• increased urge to urinate during the night
  • irregular heartbeat
  • joint pain
  • loss of appetite
  • mood changes
  • muscle aches and pains
  • nausea or vomiting
  • nervousness
  • numbness or tingling in the hands, feet, or lips
  • pain or discomfort in the chest, upper stomach, or throat
  • pounding in the ears
  • rectal bleeding
  • redness of the face, neck, arms, and occasionally, upper chest
  • runny nose
  • severe constipation
  • shakiness in the legs, arms, hands, or feet
  • shivering
  • shortness of breath
  • slow or fast heartbeat
  • stomach cramps
  • sweating
  • swelling of the legs and feet
  • swelling or puffiness of the face
  • tightness in the chest
  • trouble sleeping
  • uncomfortable swelling around the anus
  • unusual tiredness or weakness
  • waking to urinate at night
  • weight gain
  • weight loss
  • wheezing
Incidence not known
  • Bulging soft spot on the head of an infant
  • change in the ability to see colors, especially blue or yellow
  • difficulty with swallowing
  • hives
  • itching
  • puffiness or swelling of the eyelids or around the eyes, face, lips, or tongue
  • skin rash

Some side effects may occur that usually do not need medical attention. These side effects may go away during treatment as your body adjusts to the medicine. Also, your health care professional may be able to tell you about ways to prevent or reduce some of these side effects. Check with your health care professional if any of the following side effects continue or are bothersome or if you have any questions about them:

More common
  • Acid or sour stomach
  • belching
  • blemishes on the skin
  • heartburn
  • indigestion
  • pain or tenderness around the eyes and cheekbones
  • pimples
  • rounded or moon face
  • stomach discomfort, upset, or pain
  • stuffy nose
Less common
  • Accumulation of pus
  • agitation
  • blistering, crusting, irritation, itching, or reddening of the skin
  • change in hearing
  • changes in vision
  • cracked, dry, or scaly skin
  • difficulty with moving
  • dizziness or lightheadedness
  • ear drainage
  • earache or pain in the ear
  • feeling of constant movement of self or surroundings
  • hair loss or thinning of the hair
  • increased appetite
  • increased hair growth, especially on the face
  • lack or loss of strength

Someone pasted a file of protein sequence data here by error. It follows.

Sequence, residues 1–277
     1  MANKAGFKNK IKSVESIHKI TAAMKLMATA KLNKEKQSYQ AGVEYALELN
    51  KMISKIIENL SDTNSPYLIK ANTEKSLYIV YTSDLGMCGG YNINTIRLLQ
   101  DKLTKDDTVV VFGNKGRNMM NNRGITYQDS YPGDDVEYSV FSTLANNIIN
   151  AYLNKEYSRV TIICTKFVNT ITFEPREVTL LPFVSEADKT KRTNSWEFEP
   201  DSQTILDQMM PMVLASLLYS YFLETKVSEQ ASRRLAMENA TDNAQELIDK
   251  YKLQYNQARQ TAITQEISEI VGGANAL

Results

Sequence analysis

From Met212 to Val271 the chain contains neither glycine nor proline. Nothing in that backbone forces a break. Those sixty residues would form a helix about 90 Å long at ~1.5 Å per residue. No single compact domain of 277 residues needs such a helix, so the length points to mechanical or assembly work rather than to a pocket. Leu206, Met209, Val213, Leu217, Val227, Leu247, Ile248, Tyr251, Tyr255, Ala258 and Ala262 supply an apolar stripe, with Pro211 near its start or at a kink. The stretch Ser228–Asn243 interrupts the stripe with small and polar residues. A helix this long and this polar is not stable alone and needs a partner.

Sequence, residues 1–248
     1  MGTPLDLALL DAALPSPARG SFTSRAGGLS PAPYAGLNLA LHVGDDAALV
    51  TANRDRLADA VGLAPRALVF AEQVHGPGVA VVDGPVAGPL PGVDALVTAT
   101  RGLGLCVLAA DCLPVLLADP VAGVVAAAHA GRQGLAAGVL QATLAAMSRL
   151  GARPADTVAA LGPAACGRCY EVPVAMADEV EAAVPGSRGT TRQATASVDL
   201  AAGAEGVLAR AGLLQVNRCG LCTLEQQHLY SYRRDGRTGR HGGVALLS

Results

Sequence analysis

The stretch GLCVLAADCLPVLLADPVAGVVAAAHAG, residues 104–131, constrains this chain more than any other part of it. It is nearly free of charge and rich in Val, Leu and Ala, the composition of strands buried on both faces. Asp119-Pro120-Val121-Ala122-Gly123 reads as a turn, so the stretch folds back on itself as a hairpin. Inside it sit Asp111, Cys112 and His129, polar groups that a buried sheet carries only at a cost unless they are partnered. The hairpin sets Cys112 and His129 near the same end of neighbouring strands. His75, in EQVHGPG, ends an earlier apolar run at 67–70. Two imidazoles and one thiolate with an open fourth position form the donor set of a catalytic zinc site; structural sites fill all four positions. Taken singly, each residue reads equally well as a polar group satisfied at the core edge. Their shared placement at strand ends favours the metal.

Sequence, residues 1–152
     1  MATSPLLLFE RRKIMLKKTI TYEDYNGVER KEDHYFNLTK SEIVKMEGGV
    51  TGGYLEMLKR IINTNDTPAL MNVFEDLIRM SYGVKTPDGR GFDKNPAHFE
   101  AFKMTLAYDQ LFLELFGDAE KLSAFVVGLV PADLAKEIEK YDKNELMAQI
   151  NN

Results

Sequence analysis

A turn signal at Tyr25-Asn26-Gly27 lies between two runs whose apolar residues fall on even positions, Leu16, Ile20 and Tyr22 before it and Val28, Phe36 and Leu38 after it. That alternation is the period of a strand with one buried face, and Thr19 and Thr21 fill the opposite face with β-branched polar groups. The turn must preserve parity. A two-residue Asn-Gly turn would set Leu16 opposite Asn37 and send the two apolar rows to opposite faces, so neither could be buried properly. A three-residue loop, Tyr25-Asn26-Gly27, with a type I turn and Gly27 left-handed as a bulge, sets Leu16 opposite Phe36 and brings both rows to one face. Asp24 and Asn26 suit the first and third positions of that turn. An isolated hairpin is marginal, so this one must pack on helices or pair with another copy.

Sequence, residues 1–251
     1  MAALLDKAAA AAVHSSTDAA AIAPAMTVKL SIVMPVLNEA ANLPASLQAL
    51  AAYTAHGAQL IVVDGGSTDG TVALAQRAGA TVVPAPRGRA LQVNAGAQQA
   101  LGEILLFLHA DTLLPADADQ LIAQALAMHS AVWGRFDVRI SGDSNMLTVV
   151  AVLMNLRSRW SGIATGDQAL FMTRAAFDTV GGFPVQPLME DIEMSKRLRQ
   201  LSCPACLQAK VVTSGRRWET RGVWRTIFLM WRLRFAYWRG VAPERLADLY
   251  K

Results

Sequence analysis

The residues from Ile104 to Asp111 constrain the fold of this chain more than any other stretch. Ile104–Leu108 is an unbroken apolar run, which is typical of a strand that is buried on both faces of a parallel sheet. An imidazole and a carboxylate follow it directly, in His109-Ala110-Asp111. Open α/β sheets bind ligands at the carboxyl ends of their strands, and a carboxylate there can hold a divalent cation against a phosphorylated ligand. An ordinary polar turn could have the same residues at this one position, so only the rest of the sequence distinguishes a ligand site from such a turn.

• loss of memory
  • muscle pains or stiffness
  • nervousness
  • pain, swelling, or redness in the joints
  • pinpoint red or purple spots on the skin
  • problems with memory
  • redness, swelling, or soreness of the tongue
  • sensation of spinning
  • skin rash cracks in the skin at the corners of mouth soreness or redness around the fingernails and toenails
  • skin rash, encrusted, scaly, and oozing
  • sleepiness or unusual drowsiness
  • sleeplessness
  • swollen joints
  • unable to sleep
  • uterine bleeding between menstrual periods

Other side effects not listed may also occur in some patients. If you notice any other effects, check with your healthcare professional.

Call your doctor for medical advice about side effects. You may report side effects to the FDA at 1-800-FDA-1088.

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  • budesonide Concise Consumer Information (Cerner Multum)
  • Budesonide Powder MedFacts Consumer Leaflet (Wolters Kluwer)
  • Budesonide Professional Patient Advice (Wolters Kluwer)
  • Budesonide Detailed Consumer Information (PDR)
  • Entocort EC Prescribing Information (FDA)
  • Entocort EC Sustained-Release Capsules MedFacts Consumer Leaflet (Wolters Kluwer)
  • Entocort EC Detailed Consumer Information (PDR)
  • Pulmicort Flexhaler Prescribing Information (FDA)
  • Pulmicort Flexhaler Concise Consumer Information (Cerner Multum)
  • Pulmicort Respules Prescribing Information (FDA)
  • Pulmicort Respules Suspension MedFacts Consumer Leaflet (Wolters Kluwer)
  • Pulmicort Turbuhaler Detailed Consumer Information (PDR)
  • Pulmicort Turbuhaler Powder MedFacts Consumer Leaflet (Wolters Kluwer)

See Also...